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‘People are entitled to change their mind’: Tony Blair confirms he is fighting to cancel Brexit

Former UK Prime Minister Tony Blair has revealed that he is actively fighting to reverse Brexit.

In an interview on BBC Radio 4 on Sunday, Blair said he is campaigning to stop Britain leaving the European Union because promises made by the ‘Leave’ side during the referendum campaign have been found to be untrue.

He specifically referred to the infamous “£350 million a week for the National Health Service” claim that the Leave side used as one of its main arguments.

Blair, whose own legacy in the UK was heavily damaged by the country’s involvement in the Iraq War, said that what was happening to the NHS was a “national tragedy” and that it was “very clear” that leaving the union would not result in greater funding for the “crumbling” health service.

“A lot of people will have voted for Brexit on the basis that if you get out of Europe, all this money is going to come back and we can spend it on the health service. And that was a very specific promise made by the Brexiteers,” he said on the program.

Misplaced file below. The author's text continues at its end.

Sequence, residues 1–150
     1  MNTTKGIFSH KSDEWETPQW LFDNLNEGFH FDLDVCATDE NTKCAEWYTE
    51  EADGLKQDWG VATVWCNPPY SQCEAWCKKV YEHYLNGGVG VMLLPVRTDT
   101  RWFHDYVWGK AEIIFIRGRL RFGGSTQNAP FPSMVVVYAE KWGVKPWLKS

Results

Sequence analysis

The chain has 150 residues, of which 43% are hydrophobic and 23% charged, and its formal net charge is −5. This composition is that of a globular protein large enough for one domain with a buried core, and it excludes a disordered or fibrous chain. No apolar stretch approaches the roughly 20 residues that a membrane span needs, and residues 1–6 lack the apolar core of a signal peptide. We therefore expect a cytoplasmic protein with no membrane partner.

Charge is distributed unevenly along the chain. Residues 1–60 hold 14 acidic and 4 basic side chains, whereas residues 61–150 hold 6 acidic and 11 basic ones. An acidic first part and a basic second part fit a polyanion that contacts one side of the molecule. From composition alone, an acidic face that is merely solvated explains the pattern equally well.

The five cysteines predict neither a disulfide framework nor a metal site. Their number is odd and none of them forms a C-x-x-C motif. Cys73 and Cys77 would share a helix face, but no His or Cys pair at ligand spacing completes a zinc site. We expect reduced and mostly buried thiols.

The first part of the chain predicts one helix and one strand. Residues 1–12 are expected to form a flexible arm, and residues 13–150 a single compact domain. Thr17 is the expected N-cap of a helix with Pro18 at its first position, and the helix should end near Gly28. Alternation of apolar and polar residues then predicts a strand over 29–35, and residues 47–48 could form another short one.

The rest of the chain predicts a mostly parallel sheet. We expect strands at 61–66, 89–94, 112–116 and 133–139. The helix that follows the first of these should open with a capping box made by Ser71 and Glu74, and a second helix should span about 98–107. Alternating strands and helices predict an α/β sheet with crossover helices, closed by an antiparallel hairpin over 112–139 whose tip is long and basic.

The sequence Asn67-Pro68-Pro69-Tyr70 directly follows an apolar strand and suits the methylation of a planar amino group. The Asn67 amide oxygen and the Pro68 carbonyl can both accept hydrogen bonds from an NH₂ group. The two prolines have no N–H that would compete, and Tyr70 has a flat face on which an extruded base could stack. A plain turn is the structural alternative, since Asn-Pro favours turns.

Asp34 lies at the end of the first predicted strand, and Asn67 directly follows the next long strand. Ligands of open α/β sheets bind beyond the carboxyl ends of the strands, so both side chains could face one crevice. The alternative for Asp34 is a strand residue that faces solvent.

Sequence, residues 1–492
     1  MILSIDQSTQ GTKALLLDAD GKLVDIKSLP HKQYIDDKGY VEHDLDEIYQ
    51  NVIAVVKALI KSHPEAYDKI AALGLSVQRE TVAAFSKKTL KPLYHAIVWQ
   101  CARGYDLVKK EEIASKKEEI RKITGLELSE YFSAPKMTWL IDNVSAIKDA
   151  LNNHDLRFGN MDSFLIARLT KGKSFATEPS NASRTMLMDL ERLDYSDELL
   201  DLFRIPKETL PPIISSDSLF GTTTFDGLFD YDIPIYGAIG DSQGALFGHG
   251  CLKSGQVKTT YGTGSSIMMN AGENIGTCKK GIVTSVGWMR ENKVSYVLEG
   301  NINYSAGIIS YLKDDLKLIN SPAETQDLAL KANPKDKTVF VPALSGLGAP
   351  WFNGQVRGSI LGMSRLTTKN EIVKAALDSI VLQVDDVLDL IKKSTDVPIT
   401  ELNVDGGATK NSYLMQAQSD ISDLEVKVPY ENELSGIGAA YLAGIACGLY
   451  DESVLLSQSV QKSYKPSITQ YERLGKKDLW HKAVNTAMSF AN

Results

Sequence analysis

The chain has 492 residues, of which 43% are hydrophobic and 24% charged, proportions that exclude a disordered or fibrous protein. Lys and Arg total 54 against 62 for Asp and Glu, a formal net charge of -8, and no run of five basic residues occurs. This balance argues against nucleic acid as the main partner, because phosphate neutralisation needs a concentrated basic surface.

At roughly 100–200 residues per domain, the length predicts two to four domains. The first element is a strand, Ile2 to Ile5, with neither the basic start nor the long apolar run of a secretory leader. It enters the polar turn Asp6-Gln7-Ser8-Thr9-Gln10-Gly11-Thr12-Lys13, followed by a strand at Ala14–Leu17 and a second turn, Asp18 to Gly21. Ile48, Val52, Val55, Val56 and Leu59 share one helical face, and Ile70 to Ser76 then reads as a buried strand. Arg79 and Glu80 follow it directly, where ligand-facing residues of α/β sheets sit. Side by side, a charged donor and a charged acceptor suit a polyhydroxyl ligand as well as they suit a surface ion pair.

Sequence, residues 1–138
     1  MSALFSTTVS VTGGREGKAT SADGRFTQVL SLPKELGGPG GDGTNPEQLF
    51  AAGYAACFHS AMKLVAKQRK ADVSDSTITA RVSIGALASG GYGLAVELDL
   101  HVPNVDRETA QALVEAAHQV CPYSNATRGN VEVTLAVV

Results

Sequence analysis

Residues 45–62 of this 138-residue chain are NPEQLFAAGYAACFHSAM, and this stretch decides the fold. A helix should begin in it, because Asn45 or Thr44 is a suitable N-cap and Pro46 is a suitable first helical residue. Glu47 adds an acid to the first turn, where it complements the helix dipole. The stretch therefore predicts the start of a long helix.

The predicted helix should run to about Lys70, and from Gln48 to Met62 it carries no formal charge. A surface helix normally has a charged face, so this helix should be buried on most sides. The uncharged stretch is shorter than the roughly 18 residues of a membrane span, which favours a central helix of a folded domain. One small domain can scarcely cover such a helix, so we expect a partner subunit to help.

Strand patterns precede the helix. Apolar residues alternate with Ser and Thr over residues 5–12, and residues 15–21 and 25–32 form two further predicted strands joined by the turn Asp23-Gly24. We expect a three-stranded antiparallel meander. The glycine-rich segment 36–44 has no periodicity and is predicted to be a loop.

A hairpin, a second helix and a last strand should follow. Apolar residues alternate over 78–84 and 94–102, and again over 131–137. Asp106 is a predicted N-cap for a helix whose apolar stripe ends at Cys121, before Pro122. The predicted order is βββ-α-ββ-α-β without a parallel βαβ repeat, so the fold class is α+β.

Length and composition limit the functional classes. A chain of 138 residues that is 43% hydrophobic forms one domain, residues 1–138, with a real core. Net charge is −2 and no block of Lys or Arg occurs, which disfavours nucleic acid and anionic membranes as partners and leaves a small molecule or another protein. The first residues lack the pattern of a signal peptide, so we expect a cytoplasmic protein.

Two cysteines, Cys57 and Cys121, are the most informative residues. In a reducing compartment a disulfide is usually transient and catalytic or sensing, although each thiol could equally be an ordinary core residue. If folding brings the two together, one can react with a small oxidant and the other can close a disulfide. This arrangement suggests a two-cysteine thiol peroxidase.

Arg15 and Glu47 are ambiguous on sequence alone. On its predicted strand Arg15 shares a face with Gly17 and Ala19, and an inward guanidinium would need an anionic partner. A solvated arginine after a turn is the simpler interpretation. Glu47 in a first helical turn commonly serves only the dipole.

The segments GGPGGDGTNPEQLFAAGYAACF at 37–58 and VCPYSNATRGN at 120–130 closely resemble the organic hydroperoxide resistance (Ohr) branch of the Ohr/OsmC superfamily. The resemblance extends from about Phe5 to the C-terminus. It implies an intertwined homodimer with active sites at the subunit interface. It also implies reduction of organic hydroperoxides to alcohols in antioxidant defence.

“It is now very clear I think: one, that there is no extra money for the health service through Brexit and, secondly, we’re actually going to be paying less money to the health service, not more money, because growth is down and because we’ve also got this huge bill for the European Union.

“So when the facts change, I think people are entitled to change their mind.”

A poll carried out during the summer found that more than a quarter of people who voted for Brexit believe they were misled by the Leave campaign.

The poll, which was carried out by Opinium, found that almost 10 percent of them would vote to remain in the EU if a second referendum was called.

READ MORE: Quarter of Brexit voters feel ‘misled’ by Leave campaign, poll finds

Blair also cited potential damage to the peace process in Northern Ireland as a reason to back out of exiting the EU.

“We cannot allow some kind of collateral damage or unintended consequence of Brexit to [be] the recreation of a border on the island of Ireland,” he said.

“If you end up with a hard border, obviously that causes tensions. It doesn't mean that you should abandon the Good Friday Agreement, but it poses real challenges to it.”

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